The Derby that begins Monday night at 8 p.m. ET at Target Field and on ESPN will be decidedly different.
This one features AL and NL teams not thrown together haphazardly but carefully crafted by captains Jose Bautista and Troy Tulowitzki. And it will not only be watched by millions of viewers but will also raise hundreds of thousands of dollars for worthy causes like the Major League Baseball RBI (Reviving Baseball in Inner Cities) program, the Boys & Girls Clubs of America and Derek Jeter's Turn 2 Foundation, among others.
It will also contain a new format that should both pick up the pace and ensure the top sluggers don't lose their stamina -- and that could be key in a ballpark not known to be overly friendly to hitters.
"I like the challenge with the bracket system," Bautista said. "I think other people are going to like it, too. Hopefully we put on a good show and raise a lot of money for these charities."
Bautista's team includes a current Twin in Brian Dozier, as well as Adam Jones, Josh Donaldson and defending Derby champion Yoenis Cespedes.
The guys joining Tulowitzki in the NL field are Giancarlo Stanton, Yasiel Puig, Todd Frazier and Justin Morneau. Though Morneau did not make the NL All-Star team via the Final Vote campaign, Tulo selected the 2008 Derby champ in part because of the sentimental story that is his return to Minnesota after so many successful seasons with the Twins.
It's an interesting field for several reasons, not the least of which is Cespedes -- with a batting-practice swing perfectly tailored to this event -- stands a very real chance of becoming the first back-to-back winner since Ken Griffey Jr. (1998-99).
And that Morneau-Minnesota reunion is pretty good, too, particularly knowing how much he endured with concussion issues that limited his playing time and productivity in his final years with the Twins.
"I've been able to appreciate coming back to things like this or just to have good days and feel good playing," Morneau said. "It's given me a different perspective. I feel fortunate to be up here with these guys."
Morneau was also pretty pleased to learn the wind was blowing out to right on the day of the Derby.
But looking at the participants lined up on the dais at the afternoon news conference before the event, it was clear who the Derby's most captivating figure is.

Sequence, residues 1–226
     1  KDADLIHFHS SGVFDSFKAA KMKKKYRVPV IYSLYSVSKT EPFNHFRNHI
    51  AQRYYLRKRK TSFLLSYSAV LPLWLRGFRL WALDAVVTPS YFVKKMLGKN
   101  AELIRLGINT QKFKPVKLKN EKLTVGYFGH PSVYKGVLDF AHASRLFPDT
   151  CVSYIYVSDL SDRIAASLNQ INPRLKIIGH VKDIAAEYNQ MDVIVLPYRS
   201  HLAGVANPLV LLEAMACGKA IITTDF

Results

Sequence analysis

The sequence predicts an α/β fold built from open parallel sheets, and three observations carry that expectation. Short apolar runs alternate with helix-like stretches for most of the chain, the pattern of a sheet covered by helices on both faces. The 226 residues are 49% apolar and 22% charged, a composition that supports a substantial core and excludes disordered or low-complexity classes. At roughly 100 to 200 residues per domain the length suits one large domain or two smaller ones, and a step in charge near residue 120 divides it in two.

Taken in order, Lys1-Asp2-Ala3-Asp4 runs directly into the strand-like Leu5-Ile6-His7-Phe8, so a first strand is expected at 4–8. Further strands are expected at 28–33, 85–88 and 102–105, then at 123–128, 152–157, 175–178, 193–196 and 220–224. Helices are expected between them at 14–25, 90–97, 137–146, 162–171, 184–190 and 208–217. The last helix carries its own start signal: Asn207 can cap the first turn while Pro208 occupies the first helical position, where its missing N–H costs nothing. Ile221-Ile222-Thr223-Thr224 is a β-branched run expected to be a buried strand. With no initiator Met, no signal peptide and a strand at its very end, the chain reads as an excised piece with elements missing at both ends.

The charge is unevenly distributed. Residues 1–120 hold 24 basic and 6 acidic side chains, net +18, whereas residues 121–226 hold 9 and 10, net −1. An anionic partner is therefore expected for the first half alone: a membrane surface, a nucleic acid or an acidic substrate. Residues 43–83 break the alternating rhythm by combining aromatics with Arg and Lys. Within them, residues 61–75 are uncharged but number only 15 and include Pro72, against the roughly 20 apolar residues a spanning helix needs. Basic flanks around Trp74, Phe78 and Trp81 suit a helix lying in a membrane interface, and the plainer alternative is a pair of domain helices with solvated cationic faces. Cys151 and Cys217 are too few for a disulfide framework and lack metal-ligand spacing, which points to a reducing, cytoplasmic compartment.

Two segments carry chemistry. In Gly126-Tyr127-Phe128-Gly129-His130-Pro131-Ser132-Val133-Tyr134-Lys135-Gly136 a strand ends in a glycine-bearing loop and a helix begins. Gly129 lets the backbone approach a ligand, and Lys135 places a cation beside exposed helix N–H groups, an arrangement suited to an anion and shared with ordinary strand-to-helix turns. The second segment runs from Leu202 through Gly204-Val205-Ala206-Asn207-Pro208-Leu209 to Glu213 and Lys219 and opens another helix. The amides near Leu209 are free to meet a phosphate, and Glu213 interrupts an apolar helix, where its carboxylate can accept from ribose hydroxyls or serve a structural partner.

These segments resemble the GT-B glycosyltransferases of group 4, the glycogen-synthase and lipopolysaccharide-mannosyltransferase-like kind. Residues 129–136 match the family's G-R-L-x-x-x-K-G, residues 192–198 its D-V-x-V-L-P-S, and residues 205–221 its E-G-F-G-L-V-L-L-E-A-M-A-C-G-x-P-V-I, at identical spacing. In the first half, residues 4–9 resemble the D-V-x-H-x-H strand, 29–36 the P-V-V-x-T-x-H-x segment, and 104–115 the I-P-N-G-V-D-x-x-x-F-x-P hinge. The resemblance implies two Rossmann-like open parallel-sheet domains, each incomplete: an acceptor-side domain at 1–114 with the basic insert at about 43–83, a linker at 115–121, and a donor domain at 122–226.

"Don't stand me beside Giancarlo Stanton," Dozier joked, "because that guy looks like a horse. He's double my size."
Indeed, we know Stanton's built like an NFL tight end, at 6-foot-6, 240 pounds. And we know he's hit more 450-foot home runs than most teams this season (witness this one he hit 484 feet in the first week of the season).
We also know no ballpark can contain Stanton, as his home games at cavernous Marlins Park have not prevented him from tying Tulo for the NL homer lead, with 21.
Now we'll see what Stanton can do when every swing is aimed beyond the fences.
"I don't want to know how many Giancarlo's going to hit," said Stanton's former manager Ozzie Guillen, who will be doing Spanish-language commentary of the Derby for ESPN Deportes. "I want to know how far he's going to hit them."
Stanton is the favorite, but the others will have their say, and this Derby will be particularly slanted toward those who get off to a strong start.
Remember when Josh Hamilton hit a ridiculous 28 home runs before recording 10 outs in the first round of 2008? He was winded for the semis and spent for the finals, losing that Derby to Morneau.
If a guy goes off like that this time, he won't be physically punished. For one, he'll be limited to seven outs, instead of 10. And also, as long as he leads his league in first-round output, he'll get a bye in the newly-created second round and advance straight to the semis.
Each round will grant participants seven outs. Six guys will advance out of the first round (the two league leaders and the four guys who finish with the second- and third-highest first-round totals in their league), two will advance out of the second round to face the two rested sluggers in the semis. The two finals participants -- one from each league -- will again receive seven outs apiece, and if it comes down to a tiebreaker, they'll get three swings apiece.
"You obviously want to take the least amount of swings that you can," Bautista said. "If that means trying to go all-out in the first round and skipping the second, that's going to be a benefit later on."
This Derby is full of fresh faces. Of the 10 guys taking part, only Cespedes, Morneau and Bautista are past participants.
Last year's Derby raised $529,000 for charity, and this year's will include a $95,000 to the local RBI and Boys & Girls Club programs, $50,000 to the winning participant's charity in his name, $25,000 to each league captain's charity of choice, $20,000 to a charity of choice for each of the winning participant's league teammates and $8,000 to a charity of choice for each of the competitors from the league opposing the Derby winner.
The remaining of the money raised by and contingent upon the number of home runs will be donated to RBI and the Boys & Girls Clubs on behalf of Gillette and MLB. For each orange FlexBall home run hit by a Derby participant, Gillette and MLB will combine to donate $10,000 to designated charities, in addition to the $5,000 donated for every non-FlexBall home run.
And here's another area that was inconceivable in that first low-key Derby back in 1985: Fans at home, playing their own version of the Derby on their phones and tablets. The MLB.com Home Run Derby mobile game is available for download on the Apple App Store and Google Play. New for 2014 is Multiplayer Derby Mode, Achievements and Objectives.
Indeed, the Derby has come a long way. And on Monday night, its participants will be hitting them a long way. Target practice is about to begin.